Female brain drain leaves no brides for Ugandan men
Despite fair gender ratio, men are running from pillar to post to find brides as women opt to leave country in search of work
It is hard for men in Uganda to find brides these days, although the land-locked East African country boasts a fair gender ratio in its population.
Finding a bride has become difficult because three million women have left the country over the past seven years to work in the oil-rich Gulf nations, leaving the young men behind in pains to find partners to tie the nuptial knot.
According to statistics recorded in 2019, Uganda's female population amounted to approximately 22.46 million, while the male population amounted to approximately 21.81 million inhabitants.
Also, 75% of Uganda’s population is below the age of 30. The youth bulge, with high levels of unemployment, and now the young men without wives have raised concerns in the country.
William Kigundu, a pastor at St. John Church in the capital Kampala, has asked the government to stop women from going abroad in search of work.
“It is necessary for the young men to get wives. Lack of women in the country is causing problems.,” he said, adding that in most villages only elder women or underage are left behind, which is not good for the future of the country.
Thomas Kityo, 30, hailing from Kalungu district in southern Uganda, has been running from pillar to post to find a bride.
“Like any normal man I want to raise a family. But there are no young women around as they have all left our village to seek greener pasture in other countries,” he said.
Speaking to Anadolu Agency, Zadoki Kafumu, 39, said his wife was also lured to work as a housemaid in Oman.
“I am now a single parent rearing three children, she left behind. I want to marry again but there are no women around,“ he said.
Women leaving the country in hordes
According to the Gender, Labor and Social Development Ministry, some 25,605 women have left the country to work as housemaids in Gulf nations and even in Somalia from December 2020 to April 2021.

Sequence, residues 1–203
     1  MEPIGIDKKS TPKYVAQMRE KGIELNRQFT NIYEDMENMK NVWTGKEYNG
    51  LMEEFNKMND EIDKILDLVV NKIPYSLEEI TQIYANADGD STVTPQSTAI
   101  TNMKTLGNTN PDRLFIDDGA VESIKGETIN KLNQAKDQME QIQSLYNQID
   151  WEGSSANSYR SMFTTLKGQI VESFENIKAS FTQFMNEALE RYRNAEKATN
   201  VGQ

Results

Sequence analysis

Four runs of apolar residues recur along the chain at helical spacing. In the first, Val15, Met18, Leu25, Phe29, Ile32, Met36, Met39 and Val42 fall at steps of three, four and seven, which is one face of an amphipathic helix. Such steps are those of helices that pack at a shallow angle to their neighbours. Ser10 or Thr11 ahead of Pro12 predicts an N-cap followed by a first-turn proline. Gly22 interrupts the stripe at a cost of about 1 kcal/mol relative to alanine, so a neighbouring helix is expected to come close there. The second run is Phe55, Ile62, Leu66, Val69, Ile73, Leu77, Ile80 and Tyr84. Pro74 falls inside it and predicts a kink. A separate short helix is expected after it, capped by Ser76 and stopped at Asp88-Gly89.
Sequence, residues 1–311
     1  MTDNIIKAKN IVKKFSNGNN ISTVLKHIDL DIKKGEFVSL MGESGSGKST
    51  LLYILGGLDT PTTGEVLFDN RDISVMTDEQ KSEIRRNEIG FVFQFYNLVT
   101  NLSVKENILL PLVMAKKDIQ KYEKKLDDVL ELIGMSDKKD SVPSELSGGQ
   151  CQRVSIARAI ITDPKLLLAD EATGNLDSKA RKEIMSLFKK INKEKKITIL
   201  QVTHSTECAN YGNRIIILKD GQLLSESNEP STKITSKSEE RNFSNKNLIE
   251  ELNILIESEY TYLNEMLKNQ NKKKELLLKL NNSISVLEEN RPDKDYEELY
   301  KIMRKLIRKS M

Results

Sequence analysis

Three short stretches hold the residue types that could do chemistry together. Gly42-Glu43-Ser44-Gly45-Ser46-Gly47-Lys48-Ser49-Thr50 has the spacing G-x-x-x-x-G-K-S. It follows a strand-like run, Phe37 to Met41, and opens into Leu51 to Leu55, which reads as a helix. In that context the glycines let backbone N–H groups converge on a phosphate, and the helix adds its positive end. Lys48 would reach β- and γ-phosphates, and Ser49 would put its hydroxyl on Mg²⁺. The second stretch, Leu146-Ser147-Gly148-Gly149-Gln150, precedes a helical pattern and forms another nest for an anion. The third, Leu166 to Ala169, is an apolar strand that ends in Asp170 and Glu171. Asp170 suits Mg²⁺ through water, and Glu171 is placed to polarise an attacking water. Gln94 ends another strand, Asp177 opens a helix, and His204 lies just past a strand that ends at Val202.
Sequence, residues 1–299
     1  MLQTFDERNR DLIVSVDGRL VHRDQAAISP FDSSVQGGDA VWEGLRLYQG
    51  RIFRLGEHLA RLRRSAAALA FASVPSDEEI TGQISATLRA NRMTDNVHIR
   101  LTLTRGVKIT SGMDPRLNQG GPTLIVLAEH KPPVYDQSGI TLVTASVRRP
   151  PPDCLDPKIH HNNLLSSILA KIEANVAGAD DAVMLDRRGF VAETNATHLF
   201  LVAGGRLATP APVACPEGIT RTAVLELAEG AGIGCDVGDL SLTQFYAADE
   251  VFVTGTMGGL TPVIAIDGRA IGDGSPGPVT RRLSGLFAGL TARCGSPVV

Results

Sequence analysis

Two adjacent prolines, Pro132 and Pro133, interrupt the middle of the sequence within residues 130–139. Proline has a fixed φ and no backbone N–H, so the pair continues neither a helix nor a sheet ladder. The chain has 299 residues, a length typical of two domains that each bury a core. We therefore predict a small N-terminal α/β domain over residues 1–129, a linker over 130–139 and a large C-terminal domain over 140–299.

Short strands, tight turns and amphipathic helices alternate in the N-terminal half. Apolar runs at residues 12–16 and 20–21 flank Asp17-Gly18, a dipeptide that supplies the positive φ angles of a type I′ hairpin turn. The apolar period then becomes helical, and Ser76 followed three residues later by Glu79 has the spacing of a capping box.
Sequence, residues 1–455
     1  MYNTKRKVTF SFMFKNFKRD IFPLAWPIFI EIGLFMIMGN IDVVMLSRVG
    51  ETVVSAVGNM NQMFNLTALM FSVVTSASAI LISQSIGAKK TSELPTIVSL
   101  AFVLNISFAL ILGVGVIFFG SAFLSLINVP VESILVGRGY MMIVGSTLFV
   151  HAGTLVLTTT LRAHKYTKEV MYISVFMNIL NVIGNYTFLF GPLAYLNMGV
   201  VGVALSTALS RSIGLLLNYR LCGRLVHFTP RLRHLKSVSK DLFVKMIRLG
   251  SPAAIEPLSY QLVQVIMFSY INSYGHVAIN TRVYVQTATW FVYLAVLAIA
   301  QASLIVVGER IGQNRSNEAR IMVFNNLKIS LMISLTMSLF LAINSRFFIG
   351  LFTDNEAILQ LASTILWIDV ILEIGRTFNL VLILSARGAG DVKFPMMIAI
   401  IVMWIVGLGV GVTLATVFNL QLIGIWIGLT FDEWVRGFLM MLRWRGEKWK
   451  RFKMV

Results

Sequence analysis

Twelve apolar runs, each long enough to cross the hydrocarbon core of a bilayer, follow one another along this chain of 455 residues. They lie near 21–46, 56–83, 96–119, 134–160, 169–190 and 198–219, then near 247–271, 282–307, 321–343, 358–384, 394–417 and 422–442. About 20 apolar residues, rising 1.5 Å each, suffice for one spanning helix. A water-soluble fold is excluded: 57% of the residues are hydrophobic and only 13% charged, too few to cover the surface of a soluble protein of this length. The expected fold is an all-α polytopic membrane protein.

James Kyagweli,45, a resident of Kasolo village in the central district of Luwero, has another problem. He has left his wife behind in his village and now is apprehensive about her safety, as the village is full of unmarried men.
“I am the only one married in the locality of 12 households. I cannot live in peace knowing that I am the only one with a wife and all my neighbors being bachelors,” he said.
There is an acute shortage of brides in Eastern Uganda as well, where the chief of Iganga district has publicly asked for suggestions from people to reverse the trend.
“It is disturbing that there are no women for our young men to marry. We need to come up with a solution,” he said. He has been in search of brides for his two sons over the past many years.
Asha Sekandi, who represents the Kalungu district in parliament, asked the government to come up with a solution and find work for young women in the country.
Every day thousands of women, some of them university graduates are seen queuing at the offices of labor recruitment agencies to seek greener pastures abroad. Some 210 licensed labor agencies are working in the country. They also train women to work as housemaids, before dispatching them to richer countries.
Hajat Shamin Nsereko, manager of recruiting agency Kauthar, said hundreds of women leave the country every day. “At my center alone, I recruit and train 900 girls every week and they all go out to work outside the country,” she said.
Stephen Mugerwa, a labor officer in Kampala, said these women are paid handsomely in Gulf nations as compared to Uganda.
“Housemaids in Uganda earn less than 100,000 Uganda shillings ($27) per month. They earn 10 times when they go abroad. Those who get teaching jobs at primary and secondary schools get much more,” he said.
More wages in Gulf lure women
According to information available with the Uganda Association of External Recruitment Agencies (UAERA), domestic workers employed in Saudi Arabia earn from $225-$500 per month.
Speaking to Anadolu Agency, Lawrence Egulu, commissioner at the Gender, Labor and Social Development Ministry, said that the number of Ugandans working in the Middle East has grown steadily.
Ronnie Mukundane, a manager at UAERA, said the migrant workers in the Arab nations are sending $500 million in remittances back home every year.Anadolu Agency website contains only a portion of the news stories offered to subscribers in the AA News Broadcasting System (HAS), and in summarized form. Please contact us for subscription options.